Fla. officials push for police partners
The Miami Herald
FLORIDA — Police partners may seem like a myth to most law enforcement officers in South Florida, but with cop killings surging across the nation, some top state and local officials say it's time to resurrect the practice.
In the aftermath of the shooting of two Broward Sheriff's Office deputies in a five-day span last month, some say having a partner is the best way to keep officers safe on dangerous streets with bold, well-armed criminals.
But the cost to pair patrol officers would be too expensive and there aren't enough officers to carry it out, local police department heads say.
The standard in Miami-Dade and Broward counties for years has been for officers and deputies to ride solo as they patrol streets and respond to calls. Even in high-crime areas, most go it alone and hope for speedy backup if needed.
That bucks a nationwide trend in most large metropolitan areas, which generally deploy two-man teams. New York, Washington, D.C., Chicago, and Los Angeles all partner officers.
Even in Florida, large cities like Jacksonville and Orlando have some teams who ride two to a car, particularly in high-crime areas and on overnight shifts.
"I don't know if that's the right answer or not, but it couldn't hurt," said Dick Brickman, president of Broward's Police Benevolent Association. "We have to do something to protect our officers. We're the war zone in Broward County right now."
In Fort Lauderdale, officers can ask to ride with a partner, but no mandatory partners are assigned.
The issue comes down to staffing and money, Miami Police Chief John Timoney said. Northern states try to have four to five officers for every 1,000 residents, while Miami-Dade and Broward employ only half that number.
Assigning one officer per car is cheaper and allows for cities to better deploy an already limited number of officers, Timoney said.
The one-man policy is not likely to change as local governments struggle to get a handle on budget cuts mandated by the state Legislature earlier this year. Many elected officials blame the financial hardships on the cost of law enforcement and union contracts.
Timoney said public officials levy taxes to support law enforcement.
"They have the money to do it up north. Down here, you get what you pay for," said Timoney, who worked in New York for nearly 30 years. "Right now we are in a bad period."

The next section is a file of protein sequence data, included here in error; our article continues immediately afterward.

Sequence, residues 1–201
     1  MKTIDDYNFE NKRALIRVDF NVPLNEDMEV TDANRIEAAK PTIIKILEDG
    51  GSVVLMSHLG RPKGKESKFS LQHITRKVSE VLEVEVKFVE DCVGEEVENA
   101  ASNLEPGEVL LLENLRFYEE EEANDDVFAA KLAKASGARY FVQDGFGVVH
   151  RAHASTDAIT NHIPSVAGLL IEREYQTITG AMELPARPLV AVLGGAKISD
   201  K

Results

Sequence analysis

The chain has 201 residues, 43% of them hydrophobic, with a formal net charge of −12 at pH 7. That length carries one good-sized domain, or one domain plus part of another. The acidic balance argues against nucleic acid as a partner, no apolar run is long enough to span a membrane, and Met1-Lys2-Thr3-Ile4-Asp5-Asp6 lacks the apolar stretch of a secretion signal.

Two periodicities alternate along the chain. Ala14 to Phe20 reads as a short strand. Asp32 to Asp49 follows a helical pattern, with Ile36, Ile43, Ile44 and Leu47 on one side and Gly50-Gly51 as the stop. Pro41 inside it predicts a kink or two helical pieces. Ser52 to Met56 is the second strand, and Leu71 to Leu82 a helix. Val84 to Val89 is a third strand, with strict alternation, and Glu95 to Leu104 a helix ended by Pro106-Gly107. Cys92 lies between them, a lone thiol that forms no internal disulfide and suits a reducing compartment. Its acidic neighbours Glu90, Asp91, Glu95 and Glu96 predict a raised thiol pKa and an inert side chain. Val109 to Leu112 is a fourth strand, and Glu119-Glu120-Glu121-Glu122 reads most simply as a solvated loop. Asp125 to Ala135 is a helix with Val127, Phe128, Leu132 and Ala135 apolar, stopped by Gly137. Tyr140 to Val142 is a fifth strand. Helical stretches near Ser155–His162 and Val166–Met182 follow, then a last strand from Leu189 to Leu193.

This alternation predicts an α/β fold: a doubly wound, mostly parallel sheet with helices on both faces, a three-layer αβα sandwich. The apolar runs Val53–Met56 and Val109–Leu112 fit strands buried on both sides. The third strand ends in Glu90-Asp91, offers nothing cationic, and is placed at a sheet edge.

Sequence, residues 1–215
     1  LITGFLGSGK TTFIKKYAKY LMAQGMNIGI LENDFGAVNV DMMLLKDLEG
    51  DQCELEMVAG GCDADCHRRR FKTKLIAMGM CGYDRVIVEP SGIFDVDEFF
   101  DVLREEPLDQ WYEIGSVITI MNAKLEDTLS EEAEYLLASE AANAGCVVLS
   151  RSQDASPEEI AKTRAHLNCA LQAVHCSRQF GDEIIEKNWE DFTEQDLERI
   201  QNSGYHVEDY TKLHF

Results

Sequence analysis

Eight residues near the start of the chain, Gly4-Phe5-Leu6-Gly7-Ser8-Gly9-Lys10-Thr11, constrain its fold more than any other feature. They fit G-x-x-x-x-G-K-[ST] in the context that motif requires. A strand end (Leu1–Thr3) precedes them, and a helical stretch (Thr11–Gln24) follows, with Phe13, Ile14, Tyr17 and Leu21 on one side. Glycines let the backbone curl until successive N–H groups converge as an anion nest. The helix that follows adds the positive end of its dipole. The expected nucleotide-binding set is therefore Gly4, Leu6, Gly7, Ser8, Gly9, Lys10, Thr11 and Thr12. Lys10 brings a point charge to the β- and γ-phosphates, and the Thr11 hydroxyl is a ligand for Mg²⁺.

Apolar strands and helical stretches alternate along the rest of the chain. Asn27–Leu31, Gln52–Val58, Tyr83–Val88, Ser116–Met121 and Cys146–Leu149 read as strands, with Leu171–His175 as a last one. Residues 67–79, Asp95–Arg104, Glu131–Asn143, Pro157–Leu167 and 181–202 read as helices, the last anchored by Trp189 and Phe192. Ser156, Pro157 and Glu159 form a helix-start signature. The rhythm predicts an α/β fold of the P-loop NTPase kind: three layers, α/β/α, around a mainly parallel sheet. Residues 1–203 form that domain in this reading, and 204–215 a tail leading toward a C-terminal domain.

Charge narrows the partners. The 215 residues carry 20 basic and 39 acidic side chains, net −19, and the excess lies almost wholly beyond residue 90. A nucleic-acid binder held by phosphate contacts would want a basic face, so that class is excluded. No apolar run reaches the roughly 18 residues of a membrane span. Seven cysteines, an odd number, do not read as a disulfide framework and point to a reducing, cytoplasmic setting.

While cities look to shave costs, officers are being gunned down at an alarming rate this year.
The number of law enforcement officers killed in the United States in 2007 from Jan. 1 to June 30 eclipsed 100 for the first time in almost three decades, according to a study released last month by the National Law Enforcement Officers Memorial Fund.
That's a 44 percent increase over the same period last year.
No agency in South Florida has felt the disturbing increase more than BSO, which has had three deputies killed in the past year and several deputies suffer life-threatening injuries on duty.
Still, no one could have predicted such a tragic week for BSO.
On Aug. 6, Deputy Maury Hernandez was shot in the head during a routine traffic stop. He remains in critical condition at Memorial Regional Hospital.
A few days later, Sgt. Chris Reyka was shot several times while running the license plate of a suspicious car parked behind a Walgreens in Pompano Beach. The 18-year veteran died at the scene.
At Reyka's funeral, some wondered if an extra set of eyes and hands would have been able to prevent the incidents from happening.
In 1995, law enforcement officials lobbied for a state law that would require cities to give patrol officers partners.
Cities and counties lobbied successfully to water down the bill, known as the Jeffrey Tackett Law Enforcement Safety Act.
It was named after a Pinellas County police officer who was killed in 1993 while responding to an emergency call. Tackett, 28, rode alone and backup didn't arrive soon enough to save him.
The safety act in his honor did little to improve the conditions for officers who patrol alone.
Pinellas County mandated officers call for backup even on routine calls.
Fort Lauderdale police and BSO have a similar policy of dispatching another unit on traffic stops, but many cancel the help, one BSO deputy said. Fort Lauderdale officers are not allowed to cancel backup at night.
In Coral Springs, officers must ask for backup.
"I don't see how the guys down here work by themselves," said Ed Wright, who recently retired after working 30 years in New York, New Jersey and Florida.
Wright, 59, helps run a law enforcement accessory shop in Davie, but may not have made it to retirement if he patrolled alone, he told a group of wide-eyed Broward officers recently.
Wright chased a suspect into a New Jersey warehouse, but fell through a hole in the floor and plummeted 14 feet to the ground. He couldn't move.
When he looked up, a gun was pointing in his face. A gunshot rang out in the deserted warehouse. Wright closed his eyes. When he opened them, he was still alive. His partner had shot the gunman.
"Having a partner absolutely saved my life," he said.
Copyright 2007 Miami Herald
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